The Tale of the Humble Lantern
Distinctly Chinese and so symbolic of the Middle Kingdom’s rich culture, the Chinese lantern dates back at least 2,000 years.
Today, the humble lantern has even made it on to the Shen Yun stage, but it first emerged to simply serve a practical purpose—to offer a warm glow in the dark of night.
It’s a clever concept, really, a flickering candle enclosed by a gauze silk or paper-draped frame. Lanterns emerged in Buddhist rituals as a way to pay respect to divine beings. Lanterns thus became a symbol of wisdom, owing to the light they bring to the world.
Origins of the Lantern Festival
There are a few stories about how the Lantern Festival came to be, but one of the most widely accepted versions traces back to the second emperor of the Eastern Han Dynasty (25–220 C.E.). The emperor noticed Buddhist monks lighting lanterns in temples on the fifteenth day of the first lunar month. A proponent of Buddhism, the emperor announced that the imperial palace and all households should also light lanterns on this day every year, and so the folk custom began.
The fifteenth day of the first lunar month marks the culmination of Chinese New Year celebrations, and so the lantern custom had its perfect day to shine. By the Tang Dynasty (618–907 C.E.), the fully-fledged “Lantern Festival” was officially established as a national event, and has been celebrated ever since.
A Feast for the Eyes
Today, the Lantern Festival is an exciting opportunity for lantern enthusiasts to put their lantern craftsmanship to the ultimate test. In China and diaspora communities around the world there are competitions and prizes for the most impressive lanterns. Festivalgoers can also try their luck at solving lantern riddles, which are written on or attached to the lanterns.
Should you find yourself at a Lantern Festival in a place like Taiwan, for example, you would see not only your typical bulbous-shaped lanterns, but also anything from giant luminous pandas, glowing boats, and the 12 animals of the zodiac to the Taipei 101 skyscraper… just to name a few.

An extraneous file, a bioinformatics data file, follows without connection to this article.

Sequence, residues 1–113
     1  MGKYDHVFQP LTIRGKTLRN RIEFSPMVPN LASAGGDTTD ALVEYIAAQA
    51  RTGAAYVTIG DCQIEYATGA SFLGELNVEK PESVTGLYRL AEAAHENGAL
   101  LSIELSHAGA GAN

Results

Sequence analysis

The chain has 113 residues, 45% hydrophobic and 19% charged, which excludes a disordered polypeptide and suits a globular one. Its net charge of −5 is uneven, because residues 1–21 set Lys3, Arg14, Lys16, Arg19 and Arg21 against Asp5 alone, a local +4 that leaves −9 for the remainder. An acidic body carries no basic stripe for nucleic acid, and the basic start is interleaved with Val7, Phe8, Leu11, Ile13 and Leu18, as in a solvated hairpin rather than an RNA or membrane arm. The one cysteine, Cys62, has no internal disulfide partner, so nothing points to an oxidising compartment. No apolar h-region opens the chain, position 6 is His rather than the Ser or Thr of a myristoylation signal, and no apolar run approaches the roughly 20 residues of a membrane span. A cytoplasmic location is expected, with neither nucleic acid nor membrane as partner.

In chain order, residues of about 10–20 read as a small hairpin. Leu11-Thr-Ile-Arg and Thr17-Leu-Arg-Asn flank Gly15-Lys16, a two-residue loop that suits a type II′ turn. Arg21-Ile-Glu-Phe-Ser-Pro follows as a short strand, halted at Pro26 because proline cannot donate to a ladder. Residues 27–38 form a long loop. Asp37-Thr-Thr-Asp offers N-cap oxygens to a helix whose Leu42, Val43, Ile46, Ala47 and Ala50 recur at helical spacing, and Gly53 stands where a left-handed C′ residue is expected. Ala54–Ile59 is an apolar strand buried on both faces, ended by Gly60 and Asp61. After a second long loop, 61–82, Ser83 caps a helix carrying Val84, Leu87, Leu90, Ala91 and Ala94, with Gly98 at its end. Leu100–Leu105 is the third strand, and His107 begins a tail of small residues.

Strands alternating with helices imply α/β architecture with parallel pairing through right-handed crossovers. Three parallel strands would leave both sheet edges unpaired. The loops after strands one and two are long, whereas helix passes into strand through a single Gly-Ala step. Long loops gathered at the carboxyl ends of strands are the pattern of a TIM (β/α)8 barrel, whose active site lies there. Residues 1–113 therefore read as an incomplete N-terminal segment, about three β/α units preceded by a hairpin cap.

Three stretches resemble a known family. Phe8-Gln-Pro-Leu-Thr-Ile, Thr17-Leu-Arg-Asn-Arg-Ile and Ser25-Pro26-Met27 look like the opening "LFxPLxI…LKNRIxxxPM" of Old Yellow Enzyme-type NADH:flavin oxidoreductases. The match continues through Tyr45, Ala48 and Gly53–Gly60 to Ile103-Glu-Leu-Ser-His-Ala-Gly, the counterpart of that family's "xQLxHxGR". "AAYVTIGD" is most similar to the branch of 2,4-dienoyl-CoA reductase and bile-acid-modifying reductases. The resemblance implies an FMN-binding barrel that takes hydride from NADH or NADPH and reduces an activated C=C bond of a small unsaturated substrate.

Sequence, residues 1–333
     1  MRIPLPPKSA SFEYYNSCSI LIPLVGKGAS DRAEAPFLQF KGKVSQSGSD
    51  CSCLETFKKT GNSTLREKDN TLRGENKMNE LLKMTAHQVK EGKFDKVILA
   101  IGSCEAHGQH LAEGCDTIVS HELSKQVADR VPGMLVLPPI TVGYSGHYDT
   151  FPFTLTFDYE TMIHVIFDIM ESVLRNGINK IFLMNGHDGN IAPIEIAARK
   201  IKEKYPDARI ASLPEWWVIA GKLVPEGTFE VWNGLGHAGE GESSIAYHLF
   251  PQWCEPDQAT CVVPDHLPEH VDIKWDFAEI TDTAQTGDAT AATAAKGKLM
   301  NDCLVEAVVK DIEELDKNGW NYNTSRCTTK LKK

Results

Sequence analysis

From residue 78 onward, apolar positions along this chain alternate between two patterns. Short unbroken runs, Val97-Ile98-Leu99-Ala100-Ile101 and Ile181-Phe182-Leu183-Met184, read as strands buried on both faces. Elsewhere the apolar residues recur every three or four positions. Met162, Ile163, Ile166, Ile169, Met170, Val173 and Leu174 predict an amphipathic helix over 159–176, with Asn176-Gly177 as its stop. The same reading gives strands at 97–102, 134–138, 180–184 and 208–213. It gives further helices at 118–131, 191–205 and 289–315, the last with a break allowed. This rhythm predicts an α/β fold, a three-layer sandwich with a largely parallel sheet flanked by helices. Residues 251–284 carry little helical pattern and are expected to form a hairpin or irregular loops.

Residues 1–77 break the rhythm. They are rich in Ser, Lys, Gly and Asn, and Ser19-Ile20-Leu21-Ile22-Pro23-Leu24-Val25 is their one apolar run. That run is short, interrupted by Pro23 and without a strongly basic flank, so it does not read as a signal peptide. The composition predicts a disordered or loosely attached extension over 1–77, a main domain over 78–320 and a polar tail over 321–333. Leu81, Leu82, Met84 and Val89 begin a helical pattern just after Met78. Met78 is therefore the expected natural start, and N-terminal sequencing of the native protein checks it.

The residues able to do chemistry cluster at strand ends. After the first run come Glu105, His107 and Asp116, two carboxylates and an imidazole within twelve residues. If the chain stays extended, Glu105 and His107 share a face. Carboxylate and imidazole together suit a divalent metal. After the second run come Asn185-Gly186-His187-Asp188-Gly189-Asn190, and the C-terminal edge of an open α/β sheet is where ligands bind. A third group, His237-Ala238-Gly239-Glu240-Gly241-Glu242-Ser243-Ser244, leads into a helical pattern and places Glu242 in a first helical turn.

Aside from taking in the glowing display, don’t forget to try some tang yuan. These glutinous rice balls are often filled with black sesame, peanut, or red bean paste. And if you happen to know a Chinese auntie who offers you some, forget about turning them down. She doesn’t care if you’re on keto.
Tang yuan can be immersed in sweet ginger syrup or just boiled water. Literally meaning “soup balls,” they are also served in round bowls, and it’s said the roundness symbolizes the togetherness of a family. Tang yuan also sounds like tuan yuan, which means “reunion,” so all the more reason to eat them with family or friends.
A Wide Range of Lanterns
Although spherical-shaped lanterns are the most common, lanterns come in all shapes and sizes, including hexagons and octagons. The diaphanous drape, which initially was intended to prevent the wind from blowing out the candle, is now one of the lantern’s major decorative aspects. Phoenixes and dragons were once seen only on the ornate lanterns of the imperial palace, but now these intricate designs are very common.
And beyond the hanging lantern and the handheld lantern, there are also floating and flying lanterns. Floating lanterns are typically set adrift in a cluster, causing the water to glimmer, making for a magical scene.
Flying lanterns, meanwhile, resemble mini hot air balloons. Also called “sky lantern,” they are said to have been invented by the great strategist Zhuge Liang as a way to signal between troops. With this lantern, the heat of the flame generates enough hot air to set it airborne. Today, it’s a fun tradition to make a wish before releasing the lantern into the night sky.
But there’s one more type of lantern we haven’t touched upon yet. It’s not commonly seen. This type of lantern is for dancing with... on top of your head.
Be sure to catch Shen Yun’s dance piece Lanterns Grace on our 2020 tour.